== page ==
Pirates of the Caribbean: At World’s End

Pirates of the Caribbean: At World’s End Movie Review

Dir: Gore Verbinski
Terry Rossio, Ted Elliot
Johnny Depp, Keira Knightley, Orlando Bloom, Jack Davenport, Chow Yun Fat, Geoffrey Rush, Bill Nighy, Tom Holander, Stellan Skarsgård

The Pirates trilogy’s middle instalment Dead Man’s Chest was a tedious, rambling continuation that lacked the original’s uncomplicated charm. Compared to At World’s End, however, 2 was elementary. Part 3 can only be described as bonkers. Darker, grittier, with some uncharacteristically graphic moments, the series’ convoluted conclusion makes no sense whatsoever.

Pirates of the Caribbean: At World’s End
Pirates of the Caribbean: At World’s End

An initial half-hour devoid of Jack Sparrow only empathises the rapscallion’s necessity; aside from Rush’s deliciously hammy Barbossa (also previously deceased but back again) he’s the only character worth routing for. With Orlando Bloom’s bland Will Turner somewhat neglected, too much of At World’s End’s screen time is devoted to irksome tomboy Elizabeth Swann. Frozen features in a permanent pout, Pristine Keira Knightley looks like the product of a porcelain doll and a Supermarionation puppet, and has the acting skills to match.

Chow Yun Fat’s Chinese marauder Sao Feng and his exotic crew are interesting to look at, but the wreck of a plot makes little effort to justify their inclusion. Likewise Keith Richards, whose brief, pointless cameo as Jack’s father serves only as a tabloid magnet.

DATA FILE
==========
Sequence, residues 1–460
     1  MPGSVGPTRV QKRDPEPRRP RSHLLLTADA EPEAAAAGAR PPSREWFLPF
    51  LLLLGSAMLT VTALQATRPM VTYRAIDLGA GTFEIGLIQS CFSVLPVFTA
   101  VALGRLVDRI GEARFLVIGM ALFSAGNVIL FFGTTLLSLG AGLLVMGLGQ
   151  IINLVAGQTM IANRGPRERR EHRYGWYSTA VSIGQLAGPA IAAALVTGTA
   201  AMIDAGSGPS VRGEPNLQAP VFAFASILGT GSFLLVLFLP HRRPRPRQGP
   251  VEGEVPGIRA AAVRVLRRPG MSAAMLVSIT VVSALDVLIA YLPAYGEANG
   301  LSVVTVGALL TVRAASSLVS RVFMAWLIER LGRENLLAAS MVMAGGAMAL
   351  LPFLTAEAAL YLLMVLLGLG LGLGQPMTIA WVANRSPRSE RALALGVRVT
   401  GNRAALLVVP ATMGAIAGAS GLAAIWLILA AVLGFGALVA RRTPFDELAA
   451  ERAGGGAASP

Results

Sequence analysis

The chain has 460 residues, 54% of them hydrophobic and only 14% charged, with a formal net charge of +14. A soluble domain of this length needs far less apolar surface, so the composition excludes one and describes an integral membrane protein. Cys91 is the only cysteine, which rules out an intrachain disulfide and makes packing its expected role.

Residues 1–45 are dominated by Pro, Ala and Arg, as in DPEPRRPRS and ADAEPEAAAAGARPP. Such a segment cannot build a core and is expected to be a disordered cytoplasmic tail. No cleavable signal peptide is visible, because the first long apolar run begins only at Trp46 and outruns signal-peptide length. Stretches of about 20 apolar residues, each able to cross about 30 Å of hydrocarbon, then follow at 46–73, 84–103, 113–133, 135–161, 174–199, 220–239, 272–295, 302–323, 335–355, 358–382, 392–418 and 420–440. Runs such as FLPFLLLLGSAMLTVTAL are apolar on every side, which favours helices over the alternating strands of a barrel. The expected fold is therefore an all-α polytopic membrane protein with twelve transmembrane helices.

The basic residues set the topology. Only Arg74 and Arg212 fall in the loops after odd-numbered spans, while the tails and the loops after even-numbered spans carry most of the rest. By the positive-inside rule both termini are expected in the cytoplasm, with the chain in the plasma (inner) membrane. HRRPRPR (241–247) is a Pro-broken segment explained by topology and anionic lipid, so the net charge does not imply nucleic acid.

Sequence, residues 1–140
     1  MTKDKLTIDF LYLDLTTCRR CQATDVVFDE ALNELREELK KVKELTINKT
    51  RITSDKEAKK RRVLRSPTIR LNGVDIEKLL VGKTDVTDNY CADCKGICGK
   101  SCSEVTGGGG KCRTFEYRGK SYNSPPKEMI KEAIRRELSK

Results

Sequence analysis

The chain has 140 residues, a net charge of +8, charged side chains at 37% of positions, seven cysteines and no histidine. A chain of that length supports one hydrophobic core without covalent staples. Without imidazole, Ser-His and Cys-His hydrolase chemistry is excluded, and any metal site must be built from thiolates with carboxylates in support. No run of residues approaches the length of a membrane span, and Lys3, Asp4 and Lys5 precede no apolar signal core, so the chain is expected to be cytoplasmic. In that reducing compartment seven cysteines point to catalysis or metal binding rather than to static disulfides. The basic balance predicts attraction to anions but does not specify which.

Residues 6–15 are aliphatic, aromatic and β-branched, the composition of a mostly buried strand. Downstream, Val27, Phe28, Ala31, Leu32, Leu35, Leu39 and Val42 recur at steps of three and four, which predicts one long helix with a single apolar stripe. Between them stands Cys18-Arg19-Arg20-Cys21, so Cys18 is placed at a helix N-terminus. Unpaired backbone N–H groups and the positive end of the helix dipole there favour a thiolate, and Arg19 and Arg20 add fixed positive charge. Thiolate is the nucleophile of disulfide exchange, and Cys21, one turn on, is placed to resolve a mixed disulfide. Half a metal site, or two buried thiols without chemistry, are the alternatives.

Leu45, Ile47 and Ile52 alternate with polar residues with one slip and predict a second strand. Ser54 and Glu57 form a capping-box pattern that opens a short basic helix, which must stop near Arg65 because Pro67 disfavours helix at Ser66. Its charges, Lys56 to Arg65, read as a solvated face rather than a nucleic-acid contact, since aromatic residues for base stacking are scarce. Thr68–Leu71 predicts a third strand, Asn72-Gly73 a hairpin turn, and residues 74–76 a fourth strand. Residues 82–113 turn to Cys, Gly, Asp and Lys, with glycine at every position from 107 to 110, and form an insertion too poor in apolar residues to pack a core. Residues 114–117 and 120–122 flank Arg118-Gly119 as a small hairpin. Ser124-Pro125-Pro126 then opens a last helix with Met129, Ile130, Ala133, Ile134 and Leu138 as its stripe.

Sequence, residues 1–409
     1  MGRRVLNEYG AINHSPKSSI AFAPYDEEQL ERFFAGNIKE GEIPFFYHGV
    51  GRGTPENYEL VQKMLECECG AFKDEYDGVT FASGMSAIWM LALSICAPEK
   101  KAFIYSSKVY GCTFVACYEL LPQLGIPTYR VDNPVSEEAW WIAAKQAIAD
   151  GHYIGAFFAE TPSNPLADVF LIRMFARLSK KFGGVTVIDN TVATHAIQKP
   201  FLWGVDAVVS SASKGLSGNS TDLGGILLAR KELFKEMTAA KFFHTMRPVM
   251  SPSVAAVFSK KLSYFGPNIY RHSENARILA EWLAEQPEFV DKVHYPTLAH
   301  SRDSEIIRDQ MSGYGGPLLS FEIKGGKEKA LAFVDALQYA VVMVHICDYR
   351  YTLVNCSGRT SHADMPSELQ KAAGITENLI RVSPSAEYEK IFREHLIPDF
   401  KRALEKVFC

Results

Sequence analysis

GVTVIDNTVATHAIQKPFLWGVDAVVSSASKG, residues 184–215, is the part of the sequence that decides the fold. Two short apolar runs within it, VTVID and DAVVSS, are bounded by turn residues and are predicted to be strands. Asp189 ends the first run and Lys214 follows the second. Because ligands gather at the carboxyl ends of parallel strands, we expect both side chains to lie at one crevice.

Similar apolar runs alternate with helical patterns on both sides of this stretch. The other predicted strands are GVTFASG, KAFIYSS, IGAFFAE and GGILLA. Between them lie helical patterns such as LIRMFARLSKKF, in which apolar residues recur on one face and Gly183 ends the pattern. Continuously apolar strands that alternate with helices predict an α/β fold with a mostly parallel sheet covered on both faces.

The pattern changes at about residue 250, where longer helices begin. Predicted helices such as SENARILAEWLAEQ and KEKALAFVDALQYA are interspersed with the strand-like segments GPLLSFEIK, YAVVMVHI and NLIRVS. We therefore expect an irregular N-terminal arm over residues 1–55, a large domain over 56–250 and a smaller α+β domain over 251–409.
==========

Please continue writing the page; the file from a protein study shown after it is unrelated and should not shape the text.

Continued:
Despite the untidiness of its combined parts, At World’s End is not without its share of plunder. The effects are still unparalleled, with Davy Jones the most convincing CGI creation so far, and the little monkey is as endearing as ever. The action scenes are also terrific, with the series’ finale pitting every character introduced so far against each other, and the fate of Will Turner is the films best, perhaps only, surprise.

With helmsman Verbinski persistently indulging in creative masturbation, At World’s End ventures into uncharted territory far too often, with Jack’s scenes in the (quite literally) underworld steering towards avant-garde. Like the good/bad Jacks whispering in Sparrows ears it’s a whirlpool of conflicting concepts and baffling subplots, which sink more often than they float.

The conclusion is barely satisfying, if only because our lead ends up exactly where he started. We can but wonder why he bothered in the first place.




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